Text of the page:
HUA HIN, THAILAND—"Ping! Ping! Fight! Never give up!"
The cheerleader has a light beard and waves pink Mylar pom-pons. He screams at a transsexual who's whacking a black-and-orange polo ball with a 6-foot wooden mallet. A British industrialist blocks the shot. Their mounts—Asian elephants—bellow and bray as they are urged down the field.
"I remember him," says the woman next to me, glancing in the direction of the cheerleader. "He was a ladyboy last year. His falsie fell out on the field and the mahout had to get off and pick it up before it was squashed. Now he's a boy again."
I've been here three days, so this no longer seems surreal. The field (pitch, in polo parlance) is on an army encampment in Hua Hin, the seaside resort favored by the Thai royal family. Sponsorship banners festoon tented pavilions, while disco blares from strategically placed speakers. In Asia you can get your fill of Earth Wind & Fire and ABBA without even having to appear ironic. The cheerleader shimmies to "September."
There are about 300 spectators, a distressing number of them FWPs with much younger Thai girlfriends. A globetrotting friend has initiated me into the world of Asian acronyms. "Fat white plonkers," she explains. "Makes it easier to talk about them in front of others." I try not to be judgmental—and fail.
On the 100-meter field, one of the elephants defecates hugely. The mound is quickly scooped into a large red basket by one of the "poop boys" who wait patiently next to the pitch. Six elephants bearing 12 people prepare for another chukka. Two seven-minute chukkas (and a 15-minute half-time) make up a game. The players are tied to the elephants' backs, but the navigation is done by mahouts—Thai drivers who sit on the beasts' necks and cajole them occasionally with metal prods. It's OK. Elephants have thick hides, and it's all for a good cause.
Like most mad schemes, elephant polo originated over too many drinks. "I was in St. Moritz with Jim Edwards," recounts James Manclark. "And he had elephants in Nepal. One thing led to another." A Scottish industrialist and former Olympian, Manclark has mounted archaeological expeditions in Peru and attempted to circle the globe by hot air balloon. Today he's limping and bruised, having survived a horse polo accident earlier in the week only to run afoul of an elephant in Thailand and find himself lifted into the air, hurled to the ground, and trampled. "Well," he admits. "They are wild animals."
The World Elephant Polo Association was founded in 1982 and has spread from Nepal—where championships are held in spite of Maoist insurgency—to Thailand and Sri Lanka. Proceeds from the tournaments benefit various Asian elephant conservation programs.
Fourteen teams are competing, but the spectators clearly favor the ladyboys. These third-sex lovelies with their hormones and their miniskirts aren't a big deal in Thailand. For the Screwless Tuskers, the tournament is just one more opportunity to mug for the cameras. Jum, who wears (pink) jersey No. 3, is a porcelain doll and runner-up in the 2004 Miss Tiffany contest. Pu worries about her throat and favors lots of body glitter off the pitch. "Oh my God," she giggles. "I have an Adam's apple."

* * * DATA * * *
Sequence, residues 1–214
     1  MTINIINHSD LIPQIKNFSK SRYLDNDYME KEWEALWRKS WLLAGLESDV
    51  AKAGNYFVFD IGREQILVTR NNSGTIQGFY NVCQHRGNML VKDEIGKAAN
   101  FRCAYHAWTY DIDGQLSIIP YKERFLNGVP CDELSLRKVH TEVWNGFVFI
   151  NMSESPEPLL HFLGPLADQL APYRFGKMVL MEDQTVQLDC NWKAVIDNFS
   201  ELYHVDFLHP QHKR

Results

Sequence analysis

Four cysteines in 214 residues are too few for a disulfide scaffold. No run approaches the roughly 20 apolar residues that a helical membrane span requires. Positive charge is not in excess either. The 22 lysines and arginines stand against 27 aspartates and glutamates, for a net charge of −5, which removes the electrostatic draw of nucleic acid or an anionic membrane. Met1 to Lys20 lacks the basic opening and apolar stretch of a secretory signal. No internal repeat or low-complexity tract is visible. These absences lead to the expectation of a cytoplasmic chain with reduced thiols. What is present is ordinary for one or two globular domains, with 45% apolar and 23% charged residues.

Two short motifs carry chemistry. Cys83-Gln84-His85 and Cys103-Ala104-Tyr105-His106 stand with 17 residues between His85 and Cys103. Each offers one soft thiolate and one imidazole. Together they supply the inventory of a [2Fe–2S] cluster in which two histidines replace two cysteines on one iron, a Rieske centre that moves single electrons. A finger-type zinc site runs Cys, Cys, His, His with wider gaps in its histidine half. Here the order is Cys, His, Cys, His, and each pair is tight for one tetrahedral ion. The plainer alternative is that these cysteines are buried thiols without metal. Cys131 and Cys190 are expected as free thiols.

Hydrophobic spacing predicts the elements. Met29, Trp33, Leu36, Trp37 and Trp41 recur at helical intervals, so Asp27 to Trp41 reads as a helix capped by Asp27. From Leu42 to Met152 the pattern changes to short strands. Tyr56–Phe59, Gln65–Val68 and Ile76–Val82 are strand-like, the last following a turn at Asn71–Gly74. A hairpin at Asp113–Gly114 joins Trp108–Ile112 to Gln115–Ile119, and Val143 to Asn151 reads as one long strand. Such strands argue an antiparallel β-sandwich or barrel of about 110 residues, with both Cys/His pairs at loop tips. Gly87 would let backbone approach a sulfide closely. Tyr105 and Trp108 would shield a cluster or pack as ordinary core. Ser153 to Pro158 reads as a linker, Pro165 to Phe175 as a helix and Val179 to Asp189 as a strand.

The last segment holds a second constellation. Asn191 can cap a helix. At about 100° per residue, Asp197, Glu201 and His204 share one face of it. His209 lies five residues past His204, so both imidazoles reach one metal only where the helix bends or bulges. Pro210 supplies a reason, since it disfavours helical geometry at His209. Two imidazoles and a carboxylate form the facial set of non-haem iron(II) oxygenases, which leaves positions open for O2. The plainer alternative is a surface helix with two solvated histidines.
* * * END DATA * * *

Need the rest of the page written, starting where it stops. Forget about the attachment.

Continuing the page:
Putting ladyboys on elephants to play polo was the brainchild of one Alf Leif Erickson, a retired American inventor whose enthusiasms now run to hot air ballooning, corkscrew collecting, and visiting erotica museums.
Predictably, alcohol figured in Erickson's elepolo involvement. "I met Jim Edwards over a few drinks in London," he says. "And I said, 'I'll bring a team.' I had four daughters—a mixed blessing, that—and they played [as the Screwy Tuskers] for four or five years. Then they got married. I wanted to do something crazy."
Erickson's first efforts to recruit a replacement team were disastrous. "Patpong [Bangkok's notorious red light district] ladyboys are not the most stable people in the world," he admits. "Lots of recreational drugs and hormones, which don't mix. There were … problems."
But today there aren't, and his Screwless Tuskers are holding their own on the field in spite of only two days' practice, having narrowly lost yesterday to a team composed of former All Blacks: rugby heroes from New Zealand. They'll be defeated 10-6 by Mullis Capital, a group headed by Bangkok financier Robert Mullis and composed of experienced horse polo players. Team Mullis gives the losers three "hip-hip-hoorays" before hastening to the bar.
Elephant polo's rules allow women players to swing the mallet with two hands, while males use one. Are the ladyboys, uh, actually qualified to use both hands? "This is a gentleman's game," huffs Peter Prentice, captain of the Chivas Regal team and a WEPA board member. "If Alf Erickson says they're ladies … they're ladies."